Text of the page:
European equity markets have been caught in the middle of opposing forces, mainly growing tensions around global trade and increasingly dovish central banks. This has pushed European government bond yields to fresh lows and caused bond-sensitive sectors to climb higher, further stretching valuations. In this environment, it is becoming increasingly important for investors to be discerning, to focus on fundamentals and not short-term macro drivers, particularly as sentiment is vulnerable to rapid shifts.

The yield on 10-year German government bonds moved into negative territory during the second quarter for the first time since 2016, adding to the relative appeal of equities. Indeed, equities have outperformed all other key asset classes so far this year, despite softer-than-expected global economic data and concerns over US-China trade relations and its spillover effects. Political progress between the two economic powerhouses has been far from linear and it is difficult to anticipate how developments will continue to unfold over the coming months and what their impact might be.

Concerns that the trade spat between the United States and China would have a knock-on effect to the European economy grew, reflected by a softening in forward-looking indicators such as consumer confidence and business surveys focused on the outlook for the business climate, employment, and inventory levels. The outlook for the autos sector also continued to be clouded by the US-China dispute. Sales in China dropped for the first time since 1990 as consumers held back on purchases, creating expected ripple effects to European manufacturers alongside the ongoing threat of an import tax being applied by the United States on cars shipped from Europe. For now, however, European auto sales have held up, supported by a recent recovery in Germany, which helped to counteract the weakness in the United Kingdom created by Brexit uncertainty.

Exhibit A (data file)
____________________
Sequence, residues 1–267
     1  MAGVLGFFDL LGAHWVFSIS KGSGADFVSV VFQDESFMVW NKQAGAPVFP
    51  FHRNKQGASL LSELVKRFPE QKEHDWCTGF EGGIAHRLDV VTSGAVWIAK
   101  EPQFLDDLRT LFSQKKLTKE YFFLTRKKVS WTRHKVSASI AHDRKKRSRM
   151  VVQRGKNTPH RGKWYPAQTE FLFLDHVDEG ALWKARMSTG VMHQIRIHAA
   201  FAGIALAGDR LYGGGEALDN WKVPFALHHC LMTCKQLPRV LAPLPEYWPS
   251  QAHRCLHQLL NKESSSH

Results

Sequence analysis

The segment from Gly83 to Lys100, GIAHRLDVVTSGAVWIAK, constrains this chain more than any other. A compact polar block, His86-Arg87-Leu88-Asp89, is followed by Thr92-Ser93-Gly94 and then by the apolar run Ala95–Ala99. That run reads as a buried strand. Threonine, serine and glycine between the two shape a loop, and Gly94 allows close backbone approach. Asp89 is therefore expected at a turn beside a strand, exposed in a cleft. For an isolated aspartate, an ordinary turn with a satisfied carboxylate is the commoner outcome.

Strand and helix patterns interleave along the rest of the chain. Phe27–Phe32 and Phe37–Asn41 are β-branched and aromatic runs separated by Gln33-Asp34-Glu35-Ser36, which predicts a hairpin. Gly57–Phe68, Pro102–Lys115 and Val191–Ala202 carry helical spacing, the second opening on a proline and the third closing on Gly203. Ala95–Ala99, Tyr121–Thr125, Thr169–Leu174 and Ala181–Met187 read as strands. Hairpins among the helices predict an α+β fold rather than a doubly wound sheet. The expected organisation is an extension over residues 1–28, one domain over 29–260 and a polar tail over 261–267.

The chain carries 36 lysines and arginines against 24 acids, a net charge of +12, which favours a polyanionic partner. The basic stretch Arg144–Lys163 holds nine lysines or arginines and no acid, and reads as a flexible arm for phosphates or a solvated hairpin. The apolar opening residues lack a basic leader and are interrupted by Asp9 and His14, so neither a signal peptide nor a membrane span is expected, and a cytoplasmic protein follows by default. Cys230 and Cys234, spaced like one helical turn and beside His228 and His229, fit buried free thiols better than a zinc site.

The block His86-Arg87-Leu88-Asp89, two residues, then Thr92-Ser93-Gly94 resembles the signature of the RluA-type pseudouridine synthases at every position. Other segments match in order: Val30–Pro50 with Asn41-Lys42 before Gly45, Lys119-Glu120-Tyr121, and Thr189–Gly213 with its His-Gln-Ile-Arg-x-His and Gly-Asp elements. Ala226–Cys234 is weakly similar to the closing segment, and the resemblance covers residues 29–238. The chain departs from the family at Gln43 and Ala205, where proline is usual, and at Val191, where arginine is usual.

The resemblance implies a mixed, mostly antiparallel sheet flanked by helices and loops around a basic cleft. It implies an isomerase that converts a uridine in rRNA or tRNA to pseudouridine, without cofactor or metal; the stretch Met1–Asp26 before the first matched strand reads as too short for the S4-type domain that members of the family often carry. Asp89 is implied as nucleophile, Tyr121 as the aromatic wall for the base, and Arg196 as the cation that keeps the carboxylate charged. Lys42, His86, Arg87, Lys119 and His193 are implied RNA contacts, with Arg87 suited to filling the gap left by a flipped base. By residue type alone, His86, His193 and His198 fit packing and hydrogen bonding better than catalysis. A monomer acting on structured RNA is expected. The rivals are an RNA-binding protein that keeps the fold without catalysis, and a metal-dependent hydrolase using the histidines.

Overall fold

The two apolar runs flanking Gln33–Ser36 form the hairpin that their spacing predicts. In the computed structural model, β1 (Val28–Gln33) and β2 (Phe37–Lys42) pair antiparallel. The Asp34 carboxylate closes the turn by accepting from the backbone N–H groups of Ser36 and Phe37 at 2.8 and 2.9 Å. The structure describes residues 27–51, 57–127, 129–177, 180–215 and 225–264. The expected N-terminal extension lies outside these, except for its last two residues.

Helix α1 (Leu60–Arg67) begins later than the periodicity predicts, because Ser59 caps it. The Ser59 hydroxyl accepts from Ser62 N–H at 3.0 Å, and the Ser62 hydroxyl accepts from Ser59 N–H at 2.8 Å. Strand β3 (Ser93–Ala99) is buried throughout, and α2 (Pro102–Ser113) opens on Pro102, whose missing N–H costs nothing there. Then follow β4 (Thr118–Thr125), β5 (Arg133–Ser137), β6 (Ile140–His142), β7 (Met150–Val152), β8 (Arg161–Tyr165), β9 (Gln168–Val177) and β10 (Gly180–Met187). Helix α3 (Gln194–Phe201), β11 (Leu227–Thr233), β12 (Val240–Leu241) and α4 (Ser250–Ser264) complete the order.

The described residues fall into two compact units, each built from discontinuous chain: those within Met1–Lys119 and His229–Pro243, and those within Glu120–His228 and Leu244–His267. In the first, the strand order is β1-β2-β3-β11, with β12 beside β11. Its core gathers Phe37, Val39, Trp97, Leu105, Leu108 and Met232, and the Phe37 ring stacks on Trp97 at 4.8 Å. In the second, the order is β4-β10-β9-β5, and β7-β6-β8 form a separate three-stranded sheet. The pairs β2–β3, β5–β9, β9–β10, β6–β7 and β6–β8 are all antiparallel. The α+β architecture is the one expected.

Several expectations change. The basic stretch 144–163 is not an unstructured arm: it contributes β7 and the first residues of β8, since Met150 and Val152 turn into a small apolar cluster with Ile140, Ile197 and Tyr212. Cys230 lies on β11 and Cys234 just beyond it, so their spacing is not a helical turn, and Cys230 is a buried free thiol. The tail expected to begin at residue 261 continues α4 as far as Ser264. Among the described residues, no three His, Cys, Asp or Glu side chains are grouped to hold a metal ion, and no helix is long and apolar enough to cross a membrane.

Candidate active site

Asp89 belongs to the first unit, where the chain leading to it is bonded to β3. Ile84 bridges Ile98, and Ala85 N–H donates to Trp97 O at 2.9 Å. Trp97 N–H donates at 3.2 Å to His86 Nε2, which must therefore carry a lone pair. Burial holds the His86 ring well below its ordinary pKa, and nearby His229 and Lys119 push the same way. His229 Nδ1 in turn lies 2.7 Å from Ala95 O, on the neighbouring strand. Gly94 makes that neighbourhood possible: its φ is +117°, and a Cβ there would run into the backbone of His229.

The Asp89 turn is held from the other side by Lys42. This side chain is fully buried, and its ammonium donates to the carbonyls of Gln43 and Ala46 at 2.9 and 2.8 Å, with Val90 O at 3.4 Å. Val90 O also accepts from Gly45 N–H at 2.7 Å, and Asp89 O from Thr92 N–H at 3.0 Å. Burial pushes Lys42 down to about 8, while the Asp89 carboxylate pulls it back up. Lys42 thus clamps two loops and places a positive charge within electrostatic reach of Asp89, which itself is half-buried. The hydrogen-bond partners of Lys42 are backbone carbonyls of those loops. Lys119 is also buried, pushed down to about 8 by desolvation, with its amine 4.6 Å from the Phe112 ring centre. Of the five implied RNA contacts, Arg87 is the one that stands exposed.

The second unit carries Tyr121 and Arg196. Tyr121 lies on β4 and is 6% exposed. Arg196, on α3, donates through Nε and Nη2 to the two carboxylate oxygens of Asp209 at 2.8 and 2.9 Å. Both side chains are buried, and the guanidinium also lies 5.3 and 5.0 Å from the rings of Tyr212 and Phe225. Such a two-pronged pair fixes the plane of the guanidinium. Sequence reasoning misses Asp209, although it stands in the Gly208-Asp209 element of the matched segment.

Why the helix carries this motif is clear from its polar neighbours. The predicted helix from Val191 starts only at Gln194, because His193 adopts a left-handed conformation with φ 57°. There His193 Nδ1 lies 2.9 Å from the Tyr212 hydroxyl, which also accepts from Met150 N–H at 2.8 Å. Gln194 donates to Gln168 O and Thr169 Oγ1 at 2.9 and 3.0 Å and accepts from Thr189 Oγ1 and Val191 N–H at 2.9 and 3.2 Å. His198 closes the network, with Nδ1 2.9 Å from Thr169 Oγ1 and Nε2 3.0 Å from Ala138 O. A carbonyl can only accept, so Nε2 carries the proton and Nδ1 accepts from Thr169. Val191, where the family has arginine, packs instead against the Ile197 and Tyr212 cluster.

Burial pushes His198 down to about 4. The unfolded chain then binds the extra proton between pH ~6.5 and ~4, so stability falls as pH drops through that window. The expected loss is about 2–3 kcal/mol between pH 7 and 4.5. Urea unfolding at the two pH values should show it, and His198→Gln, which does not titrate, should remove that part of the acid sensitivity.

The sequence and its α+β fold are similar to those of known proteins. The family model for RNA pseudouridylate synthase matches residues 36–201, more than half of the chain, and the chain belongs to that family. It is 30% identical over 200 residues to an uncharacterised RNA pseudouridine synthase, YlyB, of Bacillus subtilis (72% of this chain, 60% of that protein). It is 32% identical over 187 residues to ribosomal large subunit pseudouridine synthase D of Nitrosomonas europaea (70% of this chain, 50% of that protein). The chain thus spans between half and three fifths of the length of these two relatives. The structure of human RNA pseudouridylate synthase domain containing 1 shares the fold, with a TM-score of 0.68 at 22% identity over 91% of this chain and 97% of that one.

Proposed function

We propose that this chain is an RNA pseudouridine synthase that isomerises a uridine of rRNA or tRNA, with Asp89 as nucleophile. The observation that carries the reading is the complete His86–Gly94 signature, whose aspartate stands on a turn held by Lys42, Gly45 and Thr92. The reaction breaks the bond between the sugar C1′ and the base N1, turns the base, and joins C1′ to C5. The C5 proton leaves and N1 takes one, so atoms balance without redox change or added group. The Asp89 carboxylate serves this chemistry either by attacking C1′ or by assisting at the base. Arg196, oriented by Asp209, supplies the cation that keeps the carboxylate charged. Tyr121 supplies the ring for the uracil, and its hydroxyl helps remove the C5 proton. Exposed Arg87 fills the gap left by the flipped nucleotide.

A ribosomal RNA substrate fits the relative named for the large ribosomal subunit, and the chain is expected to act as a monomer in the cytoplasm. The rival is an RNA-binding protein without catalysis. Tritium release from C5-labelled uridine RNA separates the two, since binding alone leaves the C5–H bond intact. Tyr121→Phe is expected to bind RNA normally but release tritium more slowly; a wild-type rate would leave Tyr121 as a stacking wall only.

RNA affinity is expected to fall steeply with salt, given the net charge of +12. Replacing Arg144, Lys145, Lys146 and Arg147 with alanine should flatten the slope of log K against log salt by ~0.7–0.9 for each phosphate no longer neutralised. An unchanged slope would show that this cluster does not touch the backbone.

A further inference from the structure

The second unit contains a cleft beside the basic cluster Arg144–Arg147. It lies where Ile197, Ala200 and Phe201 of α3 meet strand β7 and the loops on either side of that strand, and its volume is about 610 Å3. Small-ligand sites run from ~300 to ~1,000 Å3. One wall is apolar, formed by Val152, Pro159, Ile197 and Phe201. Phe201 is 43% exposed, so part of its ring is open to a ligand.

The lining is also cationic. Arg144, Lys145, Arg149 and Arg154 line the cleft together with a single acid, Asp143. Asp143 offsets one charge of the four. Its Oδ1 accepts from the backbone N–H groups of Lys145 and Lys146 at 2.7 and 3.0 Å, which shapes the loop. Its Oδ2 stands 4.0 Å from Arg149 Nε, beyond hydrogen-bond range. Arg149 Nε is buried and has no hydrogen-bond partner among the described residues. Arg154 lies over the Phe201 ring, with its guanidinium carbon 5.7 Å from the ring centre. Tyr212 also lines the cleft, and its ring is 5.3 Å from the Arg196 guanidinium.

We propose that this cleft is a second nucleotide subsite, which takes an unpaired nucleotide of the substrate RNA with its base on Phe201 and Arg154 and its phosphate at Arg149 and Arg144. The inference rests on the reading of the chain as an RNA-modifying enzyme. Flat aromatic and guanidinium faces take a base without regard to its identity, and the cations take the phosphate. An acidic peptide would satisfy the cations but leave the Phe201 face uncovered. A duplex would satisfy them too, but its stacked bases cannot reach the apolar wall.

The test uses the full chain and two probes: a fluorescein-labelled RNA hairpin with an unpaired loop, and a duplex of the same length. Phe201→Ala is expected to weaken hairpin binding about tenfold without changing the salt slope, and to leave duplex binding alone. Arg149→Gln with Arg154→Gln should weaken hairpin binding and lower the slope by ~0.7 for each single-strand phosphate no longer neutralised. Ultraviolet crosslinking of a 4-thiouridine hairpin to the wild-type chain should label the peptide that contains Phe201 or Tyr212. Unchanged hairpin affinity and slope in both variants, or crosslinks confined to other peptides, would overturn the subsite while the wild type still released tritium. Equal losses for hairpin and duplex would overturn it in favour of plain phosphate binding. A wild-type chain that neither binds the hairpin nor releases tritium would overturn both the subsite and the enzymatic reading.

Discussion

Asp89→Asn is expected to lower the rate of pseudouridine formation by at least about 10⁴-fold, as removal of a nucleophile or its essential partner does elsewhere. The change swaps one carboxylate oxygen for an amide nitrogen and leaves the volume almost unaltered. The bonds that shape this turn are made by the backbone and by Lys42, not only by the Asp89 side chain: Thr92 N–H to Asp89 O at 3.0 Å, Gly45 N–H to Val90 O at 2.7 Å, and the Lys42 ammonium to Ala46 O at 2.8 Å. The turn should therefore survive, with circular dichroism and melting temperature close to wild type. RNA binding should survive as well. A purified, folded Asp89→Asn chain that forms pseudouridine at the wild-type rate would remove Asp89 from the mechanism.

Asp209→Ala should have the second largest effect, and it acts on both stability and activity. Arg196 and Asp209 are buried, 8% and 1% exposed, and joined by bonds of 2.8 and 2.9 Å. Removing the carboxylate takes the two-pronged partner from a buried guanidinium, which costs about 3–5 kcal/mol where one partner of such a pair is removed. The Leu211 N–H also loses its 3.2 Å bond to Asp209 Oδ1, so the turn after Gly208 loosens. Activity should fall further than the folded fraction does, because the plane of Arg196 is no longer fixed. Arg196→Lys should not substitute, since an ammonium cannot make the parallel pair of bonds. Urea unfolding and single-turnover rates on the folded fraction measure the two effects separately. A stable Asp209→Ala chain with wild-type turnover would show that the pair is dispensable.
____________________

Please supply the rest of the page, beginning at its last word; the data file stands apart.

With UK Prime Minister Theresa May resigning as Conservative party leader, a conclusion to the Brexit negotiations seems unlikely for some time. May’s resignation has set in motion a leadership race that potentially opens the way for a more Eurosceptic successor who is prepared to take a tougher negotiating stance with the European Union (EU) and, as such, the odds of a no-deal Brexit has risen. Tensions were also evident between the European Commission and Italy during the quarter. While both sides edged towards an agreement over Italy’s 2019 fiscal budget figures, projections for 2020 did not go far enough to address the country’s structural budget deficit. This could result in the euro zone’s third-largest economy being subject to a fine of up to €3.5 billion as part of an official infringement procedure, which places the country under EU scrutiny for years. This could continue to feed into anti-EU sentiment at the national level although, for now, this threat appears to be relatively contained as populist and Eurosceptic parties gained fewer seats than expected at the European Parliament elections in May. Furthermore, political tensions in France have eased materially since the start of the year when the "gilets jaunes”, or yellow vests, protests were at their height, removing a significant overhang.

The European Central Bank (ECB) noted that it saw the potential for lingering softness in euro zone economic growth over the short term because of geopolitical tensions and ongoing trade disputes that have weighed on the European manufacturing sector and exports. However, the ECB assured it had the policy tools available to stimulate growth if the economic situation deteriorated over the coming months, either by cutting interest rates again or by engaging in further asset purchases. The ECB said it did not anticipate its first post-crisis rate hike until mid-2020. However, market participants are not expecting a rate hike until much later, at least not until March 2023 (see Exhibit).

The preceding is an excerpt from our Outlook on Europe. Read the full paper.

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